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AA free driving lesson reaches Auckland learners

AA free driving lesson reaches Auckland learners


The AA Driving School’s free driving lesson programme has reached Auckland.

More than 250 new drivers are expected to take part in the programme each month launched in New Zealand’s biggest city today.

They will join about 300 new drivers from most of the rest of New Zealand who sign up for their free driving lesson each month.

AA Driving School head Nigel Clark says he expects between 500-600 new learner drivers throughout New Zealand to take advantage of the offer and kick start the journey towards obtaining their full licence.

More than 1300 new drivers have participated in the programme since it began in Hamilton and Tauranga last July.

The rollout of the Auckland phase of the AA’s free driving lesson programme follows a successful three-month pilot programme where the reach of the offer was progressively expanded. In October the programme was officially launched in Wellington and the rollout continued.

Mr Clark says the Driving School team continued to learn more at each phase of the roll out.

“Auckland represents a little over half of the population we can reach with the AA Driving School so we needed to ensure everything was running smoothly with our systems before we opened the gates here.”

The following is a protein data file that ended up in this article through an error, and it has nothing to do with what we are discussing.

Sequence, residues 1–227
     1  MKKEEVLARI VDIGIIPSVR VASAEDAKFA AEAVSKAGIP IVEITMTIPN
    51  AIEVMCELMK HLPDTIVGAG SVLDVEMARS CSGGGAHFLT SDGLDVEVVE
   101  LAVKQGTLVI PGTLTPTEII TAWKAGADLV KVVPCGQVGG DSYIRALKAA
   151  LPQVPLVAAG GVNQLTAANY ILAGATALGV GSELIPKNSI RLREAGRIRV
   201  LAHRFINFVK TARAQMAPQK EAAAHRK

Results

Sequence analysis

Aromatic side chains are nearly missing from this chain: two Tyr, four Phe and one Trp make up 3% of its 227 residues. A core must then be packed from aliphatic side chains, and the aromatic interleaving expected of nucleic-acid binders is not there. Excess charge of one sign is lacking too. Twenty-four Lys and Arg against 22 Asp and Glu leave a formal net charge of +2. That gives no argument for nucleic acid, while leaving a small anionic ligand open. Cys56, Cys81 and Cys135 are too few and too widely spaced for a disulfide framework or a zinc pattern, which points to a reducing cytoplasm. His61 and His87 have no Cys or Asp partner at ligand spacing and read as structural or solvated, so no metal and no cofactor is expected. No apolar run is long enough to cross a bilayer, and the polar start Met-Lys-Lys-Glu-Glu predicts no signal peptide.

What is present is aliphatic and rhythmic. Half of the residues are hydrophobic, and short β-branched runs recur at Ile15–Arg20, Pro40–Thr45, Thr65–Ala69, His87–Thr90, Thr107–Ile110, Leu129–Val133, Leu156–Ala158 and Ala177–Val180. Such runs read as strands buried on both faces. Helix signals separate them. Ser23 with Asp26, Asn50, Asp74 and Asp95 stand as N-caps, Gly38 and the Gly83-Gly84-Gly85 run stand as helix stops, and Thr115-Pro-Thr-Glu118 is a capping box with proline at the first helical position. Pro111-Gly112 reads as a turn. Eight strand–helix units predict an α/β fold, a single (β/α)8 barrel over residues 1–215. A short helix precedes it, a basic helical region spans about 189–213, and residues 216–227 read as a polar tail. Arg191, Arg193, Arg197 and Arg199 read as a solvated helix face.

The free driving lesson programme is open to new drivers who have held their learner licence for less than two months and are either AA Members or the sons or daughters of AA Members.

“Over the next few months we’re going to be looking at ways of expanding the scope of the programme and we’re considering a number of options that could include more than a single free lesson,” Mr Clark says.

“Our goal is to help improve road safety outcomes by ensuring new drivers are better prepared to be unsupervised behind the wheel after they get their restricted licence.”

Half of the country’s newest motorists fail their restricted driving test because they are unprepared and potentially unsafe behind the wheel.

Mr Clark says higher testing standards introduced by the Transport Agency in February 2012 were part of a suite of changes designed to improve road safety outcomes.

“These higher testing standards mean learner drivers need to take more time to develop their skills and build a solid foundation for safe driving.”

Ends

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